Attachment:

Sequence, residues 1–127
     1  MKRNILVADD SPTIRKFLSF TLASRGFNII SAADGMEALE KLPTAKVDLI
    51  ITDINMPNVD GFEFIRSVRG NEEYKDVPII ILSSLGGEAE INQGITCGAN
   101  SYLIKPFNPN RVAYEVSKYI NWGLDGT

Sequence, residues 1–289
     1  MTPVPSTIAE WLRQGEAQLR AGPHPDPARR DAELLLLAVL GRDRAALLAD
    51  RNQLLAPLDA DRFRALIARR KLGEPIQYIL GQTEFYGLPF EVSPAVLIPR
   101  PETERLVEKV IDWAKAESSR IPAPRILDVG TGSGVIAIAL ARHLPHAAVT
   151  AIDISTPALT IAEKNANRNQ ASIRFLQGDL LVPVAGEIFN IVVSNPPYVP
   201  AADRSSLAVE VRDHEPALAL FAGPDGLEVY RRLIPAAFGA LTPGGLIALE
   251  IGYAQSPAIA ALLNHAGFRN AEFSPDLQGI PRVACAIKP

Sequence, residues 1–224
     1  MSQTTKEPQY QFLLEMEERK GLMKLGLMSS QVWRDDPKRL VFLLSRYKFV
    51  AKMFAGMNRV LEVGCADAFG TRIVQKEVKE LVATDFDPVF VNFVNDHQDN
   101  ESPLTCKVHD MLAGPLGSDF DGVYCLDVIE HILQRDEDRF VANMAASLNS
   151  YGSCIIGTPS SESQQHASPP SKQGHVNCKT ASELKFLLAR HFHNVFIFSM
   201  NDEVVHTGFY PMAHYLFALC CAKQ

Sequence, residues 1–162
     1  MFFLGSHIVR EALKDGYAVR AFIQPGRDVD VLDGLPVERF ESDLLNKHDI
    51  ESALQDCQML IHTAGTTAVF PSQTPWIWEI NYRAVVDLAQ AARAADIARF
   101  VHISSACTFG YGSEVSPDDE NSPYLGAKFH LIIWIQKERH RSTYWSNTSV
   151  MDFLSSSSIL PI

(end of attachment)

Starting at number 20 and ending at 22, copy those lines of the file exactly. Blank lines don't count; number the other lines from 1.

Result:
    51  ESALQDCQML IHTAGTTAVF PSQTPWIWEI NYRAVVDLAQ AARAADIARF
   101  VHISSACTFG YGSEVSPDDE NSPYLGAKFH LIIWIQKERH RSTYWSNTSV
   151  MDFLSSSSIL PI